I spent Monday afternoon and evening captivated by television images from Baltimore. Switching to and from MSNBC and CNN, I watched bricks thrown, police cars aflame, a CVS store looted and set afire, and a shopping mall raid that, from a distance, looked like ants scurrying in and out of an unguarded picnic basket.
The commentary, then and since, has been sharply divided. Many folks rightly differentiated peaceful protest from chaotic violence. All voices, black and white, strident and conciliatory, regretted the futile self-destruction -- the further disintegration of a neighborhood with so little fabric left to rend. The beleaguered Baltimore mayor, Stephanie Rawlings-Blake, sagged with fatigue as she patiently endured accusations that she and her city had done too little ... or too much. In thousands of comments, self-righteous readers of America's newspapers called for law and order and described the looters as "animals," while paying little mind or modest lip service to the police brutality that started the turmoil.
I saw the looters, the projectiles, the flames, and a fire hose cut as CVS burned in the background. All of it was bemoaned by the representatives of Freddie Gray's family, who repeatedly reminded that this chaos was "the last thing" the family wanted to see on the day he was put to eternal rest. "What a stain on the city of Baltimore," claimed one talking head or another, perhaps forgetting the bloodstains on so many American streets, left by black bodies left untended and bleeding from wounds inflicted by their own country.
Pastors, politicians and pundits pleaded for calm, claiming that the quest for justice for Freddie Gray must be peaceful, that violence begets violence, that the frustrations evident in the community would be better directed toward political and social change. For hours these voices of reason, black and white, played against a visual backdrop of fire and rage.
Most folks saw a city gone mad, an urban Lord of the Flies, where notions of humanity and civility were betrayed by wilding sociopaths, capitalizing on a real tragedy to assault their own neighborhood for CVS candy or a bottle of cheap whiskey.
I saw something else.
I saw scores of teenagers exploding with long pent up rage. They hurled things at the police because they could. Evidence from every urban community of color in America reveals the usual intersection of black youth and the police; Stopped and frisked on little or no provocation; Profiled and followed by security guards in CVS and every other store in and out of their community; Knowing that asking a question is inviting arrest or a beating. They see a country where their schools are underfunded and crumbling and their fathers are in jail for minor offenses. They may not be able to cite the disproportionate sentences or institutional racism that led to mass incarceration, but they feel it every day. And in this ugly moment, the bricks thrown, the matches lit, the windows broken were a momentary catharsis. "FUCK YOU!" they said. "FUCK YOU!"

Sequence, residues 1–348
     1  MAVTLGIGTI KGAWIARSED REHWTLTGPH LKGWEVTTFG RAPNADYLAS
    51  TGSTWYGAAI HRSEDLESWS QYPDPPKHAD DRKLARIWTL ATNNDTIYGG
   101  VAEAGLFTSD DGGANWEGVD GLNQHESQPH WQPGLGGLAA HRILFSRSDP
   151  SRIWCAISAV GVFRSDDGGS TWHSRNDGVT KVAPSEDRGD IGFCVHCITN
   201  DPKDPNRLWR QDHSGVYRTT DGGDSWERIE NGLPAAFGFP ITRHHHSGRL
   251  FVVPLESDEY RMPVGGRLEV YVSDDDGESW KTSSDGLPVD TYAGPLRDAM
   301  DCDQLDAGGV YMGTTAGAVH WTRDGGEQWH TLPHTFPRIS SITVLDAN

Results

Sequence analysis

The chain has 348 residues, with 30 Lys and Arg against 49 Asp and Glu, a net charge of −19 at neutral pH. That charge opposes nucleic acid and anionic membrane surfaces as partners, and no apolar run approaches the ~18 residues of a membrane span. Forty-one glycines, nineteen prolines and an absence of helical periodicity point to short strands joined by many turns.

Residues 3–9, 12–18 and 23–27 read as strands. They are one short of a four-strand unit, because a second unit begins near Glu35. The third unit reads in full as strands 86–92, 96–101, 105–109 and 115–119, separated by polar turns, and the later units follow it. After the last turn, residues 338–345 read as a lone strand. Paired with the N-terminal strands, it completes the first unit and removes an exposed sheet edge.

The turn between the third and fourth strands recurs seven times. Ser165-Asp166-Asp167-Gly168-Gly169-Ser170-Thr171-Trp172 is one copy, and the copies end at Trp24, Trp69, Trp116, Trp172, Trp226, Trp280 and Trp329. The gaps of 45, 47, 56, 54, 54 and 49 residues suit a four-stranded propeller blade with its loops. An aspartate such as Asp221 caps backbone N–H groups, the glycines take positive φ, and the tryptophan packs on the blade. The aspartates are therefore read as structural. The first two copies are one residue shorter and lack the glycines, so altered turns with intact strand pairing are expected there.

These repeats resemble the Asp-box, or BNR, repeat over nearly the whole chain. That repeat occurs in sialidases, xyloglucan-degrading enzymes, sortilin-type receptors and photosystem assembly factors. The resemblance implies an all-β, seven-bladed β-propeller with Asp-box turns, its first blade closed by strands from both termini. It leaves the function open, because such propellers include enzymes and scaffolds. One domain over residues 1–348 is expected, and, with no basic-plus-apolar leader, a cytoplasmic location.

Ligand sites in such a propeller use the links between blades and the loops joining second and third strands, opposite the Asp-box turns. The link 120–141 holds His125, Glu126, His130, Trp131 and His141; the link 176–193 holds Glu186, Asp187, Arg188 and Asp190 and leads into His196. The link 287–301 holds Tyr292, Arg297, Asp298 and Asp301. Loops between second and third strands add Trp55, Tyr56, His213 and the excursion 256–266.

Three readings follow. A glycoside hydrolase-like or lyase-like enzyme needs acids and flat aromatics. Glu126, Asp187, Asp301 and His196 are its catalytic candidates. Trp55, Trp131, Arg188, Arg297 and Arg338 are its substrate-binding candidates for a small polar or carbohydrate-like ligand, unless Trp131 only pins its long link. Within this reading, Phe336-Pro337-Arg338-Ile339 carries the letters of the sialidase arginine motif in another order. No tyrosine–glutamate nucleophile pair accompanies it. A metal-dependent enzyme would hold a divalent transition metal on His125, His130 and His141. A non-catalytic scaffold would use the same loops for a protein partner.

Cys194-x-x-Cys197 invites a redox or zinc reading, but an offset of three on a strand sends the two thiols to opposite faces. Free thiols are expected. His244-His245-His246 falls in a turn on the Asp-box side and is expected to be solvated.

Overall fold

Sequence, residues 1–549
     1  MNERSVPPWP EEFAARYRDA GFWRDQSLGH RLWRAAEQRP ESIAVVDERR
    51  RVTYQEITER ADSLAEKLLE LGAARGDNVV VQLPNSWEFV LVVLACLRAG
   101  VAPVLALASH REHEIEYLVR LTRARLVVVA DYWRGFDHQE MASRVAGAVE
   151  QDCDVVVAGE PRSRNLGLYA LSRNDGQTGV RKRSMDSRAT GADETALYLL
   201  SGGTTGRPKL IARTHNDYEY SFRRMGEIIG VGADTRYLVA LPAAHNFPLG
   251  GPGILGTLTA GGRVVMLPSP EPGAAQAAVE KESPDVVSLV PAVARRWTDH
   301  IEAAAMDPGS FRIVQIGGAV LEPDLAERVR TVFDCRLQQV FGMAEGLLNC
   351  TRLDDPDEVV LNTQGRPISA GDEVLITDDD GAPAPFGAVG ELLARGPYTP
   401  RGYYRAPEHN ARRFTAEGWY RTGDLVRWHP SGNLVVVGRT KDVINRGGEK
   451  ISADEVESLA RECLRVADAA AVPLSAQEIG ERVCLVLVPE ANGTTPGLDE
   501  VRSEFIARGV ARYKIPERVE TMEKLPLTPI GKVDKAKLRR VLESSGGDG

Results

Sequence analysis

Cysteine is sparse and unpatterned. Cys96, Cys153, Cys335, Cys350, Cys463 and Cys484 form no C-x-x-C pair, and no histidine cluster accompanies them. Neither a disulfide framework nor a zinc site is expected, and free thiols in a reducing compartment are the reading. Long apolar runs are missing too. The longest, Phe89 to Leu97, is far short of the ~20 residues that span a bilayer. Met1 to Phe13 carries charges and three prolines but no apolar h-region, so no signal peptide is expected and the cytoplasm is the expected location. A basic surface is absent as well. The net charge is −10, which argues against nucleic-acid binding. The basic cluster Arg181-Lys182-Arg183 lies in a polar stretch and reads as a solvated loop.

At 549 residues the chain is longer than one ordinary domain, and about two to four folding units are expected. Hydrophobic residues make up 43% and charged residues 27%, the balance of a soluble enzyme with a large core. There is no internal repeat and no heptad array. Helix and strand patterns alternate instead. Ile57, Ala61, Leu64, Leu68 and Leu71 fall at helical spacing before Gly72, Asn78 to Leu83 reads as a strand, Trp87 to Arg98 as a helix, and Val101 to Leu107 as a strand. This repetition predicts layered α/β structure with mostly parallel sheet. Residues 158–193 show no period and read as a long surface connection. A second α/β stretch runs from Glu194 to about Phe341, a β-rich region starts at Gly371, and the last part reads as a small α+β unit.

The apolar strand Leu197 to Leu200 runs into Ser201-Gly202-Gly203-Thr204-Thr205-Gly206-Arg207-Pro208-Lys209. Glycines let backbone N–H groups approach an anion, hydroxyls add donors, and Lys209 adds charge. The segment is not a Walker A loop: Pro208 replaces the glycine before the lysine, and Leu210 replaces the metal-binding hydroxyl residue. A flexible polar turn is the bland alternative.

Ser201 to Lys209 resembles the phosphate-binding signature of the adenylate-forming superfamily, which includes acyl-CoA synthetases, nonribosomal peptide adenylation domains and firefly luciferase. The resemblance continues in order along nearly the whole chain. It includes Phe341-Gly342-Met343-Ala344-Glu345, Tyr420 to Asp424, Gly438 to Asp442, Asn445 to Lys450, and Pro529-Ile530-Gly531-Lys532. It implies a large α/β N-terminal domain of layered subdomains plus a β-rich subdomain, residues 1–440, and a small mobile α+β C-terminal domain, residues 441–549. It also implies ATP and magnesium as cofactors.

I saw poor women with garbage bags, grabbing household supplies that were beyond their welfare check, or a sugary drink that conservative prigs would deny them the right to buy with food stamps. I saw hundreds of men, for whom real employment is an impossibility, because of minor criminal records. I saw sad humans who live on the very edge of survival, who saw a chance to be noticed, to feel something -- get something -- for just a moment.
Yes, I'm a bleeding heart liberal. Whose heart wouldn't bleed at the sight of what we've done to our country?
Late into the cable television night the looters and brick throwers were repeatedly characterized as thugs. Fair enough. Thugs they are. But thugs are made, not born.
Unless you believe that young black men are innately violent.
Unless you believe that black mothers and fathers love their children less.
Unless you believe that we live in a meritocracy where you get what you deserve and you deserve what you get.
I don't believe any of those things.
The deaths of Freddie Gray, Michael Brown, Rumain Brisbon, Tamir Rice,
Akai Gurley, Kajieme Powell, Ezell Ford, Dante Parker, Eric Garner, John Crawford III, Tyree Goodson ... I could go on ... are the tip of an iceberg. Too many young men of color in America's poorest neighborhoods feel the figurative, sometimes literal, boot of oppression. They know that any day, any time, their names might be added to that long and growing list. They know that they are utterly powerless. But in Baltimore, for this fleeting moment, they had power. They knew they were out of the reach of the police. And they behaved horribly. Power can do that. Watch the police.
Not all police, of course. I also have great empathy for hundreds of decent Baltimore police officers who are, in a very different way, victims too. Most of them are no more responsible for the desperate circumstances in West Baltimore than are the boys throwing stones at them.
I can only imagine the angry responses this post will draw. I don't condone looting, dangerous projectiles or arson, but I understand. During the '60s, as a teenager, I tried to be an ally in the civil rights movement and watched with confusion and curiosity as parts of my city burned. My empathy often left me to wonder -- what would I do if I were poor and black, not white and privileged? I'm asking myself that question again, 50 years later.